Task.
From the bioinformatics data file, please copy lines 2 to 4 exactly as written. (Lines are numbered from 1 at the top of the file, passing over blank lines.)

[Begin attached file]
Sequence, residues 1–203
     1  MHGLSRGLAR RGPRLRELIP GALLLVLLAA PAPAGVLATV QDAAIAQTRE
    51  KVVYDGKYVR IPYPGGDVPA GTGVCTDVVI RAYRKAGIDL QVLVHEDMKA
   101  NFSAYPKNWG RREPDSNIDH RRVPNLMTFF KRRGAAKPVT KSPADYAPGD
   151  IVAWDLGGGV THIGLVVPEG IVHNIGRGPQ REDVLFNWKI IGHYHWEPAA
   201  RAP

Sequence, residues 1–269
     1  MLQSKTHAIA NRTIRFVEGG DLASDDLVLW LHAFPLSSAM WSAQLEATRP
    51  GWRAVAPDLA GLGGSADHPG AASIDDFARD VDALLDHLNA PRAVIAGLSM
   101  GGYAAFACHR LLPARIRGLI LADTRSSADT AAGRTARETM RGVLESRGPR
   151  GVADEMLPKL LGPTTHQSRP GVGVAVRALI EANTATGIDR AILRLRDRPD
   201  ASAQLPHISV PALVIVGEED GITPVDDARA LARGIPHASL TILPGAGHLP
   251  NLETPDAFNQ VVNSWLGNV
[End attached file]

     1  MHGLSRGLAR RGPRLRELIP GALLLVLLAA PAPAGVLATV QDAAIAQTRE
    51  KVVYDGKYVR IPYPGGDVPA GTGVCTDVVI RAYRKAGIDL QVLVHEDMKA
   101  NFSAYPKNWG RREPDSNIDH RRVPNLMTFF KRRGAAKPVT KSPADYAPGD